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Early School Slashing Sign of Safety Woes

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The slashing of a 15-year-old student in the Bronx three days into the school year brought to reality safety concerns the head of the union representing School Safety Agents had previously raised.

The incident, which occurred at DeWitt Clinton High School Sept. 15, involved another 15-year-old student pulling out a blade and slashing the boy in a hallway, cutting him on the chin and neck. He was taken to Montefiore Hospital in stable condition, according to a report from the New York Post.

Weapon Cleared Detector

Although the school had a metal detector, the weapon was somehow not discovered. The assault was suspected to be gang-related, police said.

“The safety of students and staff is our top priority, and NYPD and EMS immediately responded,” said Department of Education spokesman Nathaniel Styer. “We’re taking additional measures at the school and working closely with the NYPD as they conduct an investigation.”

The school has a troubled history, including having the highest number of student arrests in 2015, and was part of the Mayor’s controversial Renewal program.


A few of our stories and columns are now in front of the paywall. We at The Chief-Leader remain committed to independent reporting on labor and civil service. It's been our mission since 1897. You can have a hand in ensuring that our reporting remains relevant in the decades to come. Consider supporting The Chief, which you can do for as little as $2.25 a month.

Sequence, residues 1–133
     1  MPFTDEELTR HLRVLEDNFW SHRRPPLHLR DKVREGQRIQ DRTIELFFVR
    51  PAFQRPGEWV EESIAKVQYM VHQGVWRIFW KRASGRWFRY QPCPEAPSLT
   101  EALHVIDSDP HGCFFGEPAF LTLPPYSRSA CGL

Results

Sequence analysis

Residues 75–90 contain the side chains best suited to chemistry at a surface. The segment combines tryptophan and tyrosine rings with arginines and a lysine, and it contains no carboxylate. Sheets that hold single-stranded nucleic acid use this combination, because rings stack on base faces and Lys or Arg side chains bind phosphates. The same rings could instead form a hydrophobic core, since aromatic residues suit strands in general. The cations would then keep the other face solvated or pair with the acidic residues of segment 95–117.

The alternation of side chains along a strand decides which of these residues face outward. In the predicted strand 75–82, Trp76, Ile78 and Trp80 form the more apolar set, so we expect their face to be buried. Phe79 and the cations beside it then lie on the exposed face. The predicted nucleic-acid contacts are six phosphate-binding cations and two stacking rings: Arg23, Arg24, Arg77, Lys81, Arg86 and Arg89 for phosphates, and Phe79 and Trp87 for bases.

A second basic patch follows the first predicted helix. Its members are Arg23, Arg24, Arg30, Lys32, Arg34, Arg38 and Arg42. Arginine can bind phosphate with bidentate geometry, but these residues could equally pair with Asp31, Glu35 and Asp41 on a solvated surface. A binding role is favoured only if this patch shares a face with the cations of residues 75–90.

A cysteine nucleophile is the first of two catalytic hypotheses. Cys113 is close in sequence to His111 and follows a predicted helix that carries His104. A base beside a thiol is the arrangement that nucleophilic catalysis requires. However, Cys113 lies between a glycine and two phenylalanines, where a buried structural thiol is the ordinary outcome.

Gregory Floyd, president of Teamsters Local 237, has voiced concerns about whether schools will be safe this year.

“I knew this was going to happen. It’s going to happen more frequently,” he said during a phone interview.

Council's Dubious Decision

One source of his concern was that there was a shortage of School Safety Agents. The shortage was the result of attrition and a recent slate of retirements, but was also caused by the City Council’s decision to cancel a proposed 475-member class of Agents this past summer.

The Council scrapped the class after advocates for police-free schools opposed increasing the plan to hire more Agents.

The city announced in August that the Police Department was going to hire 250 School Safety Agents to fill the gaps, but since they must train for 17 weeks, the new recruits won't be ready to be placed in schools until late in the year.

Mr. Floyd lamented that the city did not hire a sufficient number of Agents to address the shortages. The DOE stated that DeWitt Clinton had its full complement of Safety Agents at the time of the incident.

Concern About Transfer

Another cause for concern for Mr. Floyd was the plan to transition his members from the Police Department to the DOE by July 2022.

The plan was announced last summer after advocates across the country began calling for police-free schools following the police killing of George Floyd. The advocates pointed to data showing that black and Latino students had a disproportionately high rate of suspensions.

The union leader has been fighting against the change, arguing that students would not be protected and that his members, who were predominantly black and Latino, were being scapegoated.

Mr. Floyd contended that students knew schools were more-vulnerable “because they understand the rhetoric of politicians. Just like the incarcerated prisoners at Rikers Island know that they have the upper hand.”

“This could be prevented if elected officials left security up to the professionals,” he added.


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